Cuba Pins Hopes on Russian Tourists to Revitalize Tourism in 2024
In a bid to rejuvenate its struggling tourism sector, Cuba is turning its gaze towards Russian visitors, counting on them to provide a much-needed boost in 2024. The Cuban ambassador in Moscow, Julio Antonio Garmendía, expressed optimism, anticipating an increase in Russian tourist numbers from 185,000 in 2023 to 250,000 in 2024, marking a significant 35% surge.
The Cuban diplomat credited the rise in visitors in 2023 to new direct flights from the Russian capital, with the 13-hour journey aiding the influx of tourists. The MIR credit card introduced by Russia for use on the island further facilitates transactions for Russian citizens visiting Cuban cities and resorts.
Cuba’s tourism industry, a vital economic lifeline, has faced challenges in recovering from the impacts of the COVID-19 pandemic and heightened U.S. sanctions under former President Donald Trump, complicating travel for U.S. citizens. The expected increase in foreign currency from Russian tourists is seen as crucial for Cuba, grappling with economic crises and widespread shortages.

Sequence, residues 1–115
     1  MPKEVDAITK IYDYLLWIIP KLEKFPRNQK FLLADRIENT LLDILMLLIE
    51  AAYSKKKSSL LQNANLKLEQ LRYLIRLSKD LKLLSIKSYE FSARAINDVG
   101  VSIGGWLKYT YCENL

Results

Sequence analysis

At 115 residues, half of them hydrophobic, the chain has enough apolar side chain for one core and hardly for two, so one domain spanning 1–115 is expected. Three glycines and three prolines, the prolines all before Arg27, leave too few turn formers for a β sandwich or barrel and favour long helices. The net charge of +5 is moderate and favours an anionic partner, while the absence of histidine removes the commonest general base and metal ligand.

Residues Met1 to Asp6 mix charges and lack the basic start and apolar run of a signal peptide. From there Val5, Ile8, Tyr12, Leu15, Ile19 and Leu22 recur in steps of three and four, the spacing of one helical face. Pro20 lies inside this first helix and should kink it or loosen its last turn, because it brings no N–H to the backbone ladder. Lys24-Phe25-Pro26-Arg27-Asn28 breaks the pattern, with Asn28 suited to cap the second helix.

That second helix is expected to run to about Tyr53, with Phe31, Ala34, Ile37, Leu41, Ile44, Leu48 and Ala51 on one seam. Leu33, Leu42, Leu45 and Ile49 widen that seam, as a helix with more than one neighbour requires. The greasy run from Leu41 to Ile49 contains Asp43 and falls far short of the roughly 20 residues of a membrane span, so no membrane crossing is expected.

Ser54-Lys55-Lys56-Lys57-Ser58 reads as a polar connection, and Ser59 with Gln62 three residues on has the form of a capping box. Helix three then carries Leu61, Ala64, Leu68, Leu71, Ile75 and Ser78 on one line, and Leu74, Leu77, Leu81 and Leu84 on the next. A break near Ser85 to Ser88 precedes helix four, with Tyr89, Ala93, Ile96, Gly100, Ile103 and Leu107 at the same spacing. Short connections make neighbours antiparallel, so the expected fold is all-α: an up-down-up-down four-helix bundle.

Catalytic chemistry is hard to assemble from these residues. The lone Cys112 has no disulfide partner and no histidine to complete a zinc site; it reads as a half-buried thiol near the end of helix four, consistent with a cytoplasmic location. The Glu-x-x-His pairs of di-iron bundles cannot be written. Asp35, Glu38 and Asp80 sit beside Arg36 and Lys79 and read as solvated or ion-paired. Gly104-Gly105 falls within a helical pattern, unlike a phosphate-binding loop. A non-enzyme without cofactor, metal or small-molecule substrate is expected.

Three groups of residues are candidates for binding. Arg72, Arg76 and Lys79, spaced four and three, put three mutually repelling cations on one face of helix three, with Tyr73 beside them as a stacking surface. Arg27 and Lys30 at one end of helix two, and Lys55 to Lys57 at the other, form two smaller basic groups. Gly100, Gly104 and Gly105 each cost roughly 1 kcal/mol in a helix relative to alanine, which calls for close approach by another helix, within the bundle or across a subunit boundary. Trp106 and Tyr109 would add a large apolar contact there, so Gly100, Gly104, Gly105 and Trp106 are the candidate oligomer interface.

In 2023, Cuban officials reported 2.4 million tourists arriving on the island, falling short of the budgeted 3.5 million. With hopes for a more modest rise to 3.2 million visitors in 2024, Cuba aims to leverage its ties with Russia, a long-time political ally, to stimulate its tourism sector and support essential imports of food, fuel, and medicine.
The main sources of tourists to Cuba in 2023, according to the national statistics agency ONEI, included Canada, Cubans residing in other countries, Russia, the United States, Spain, and Germany.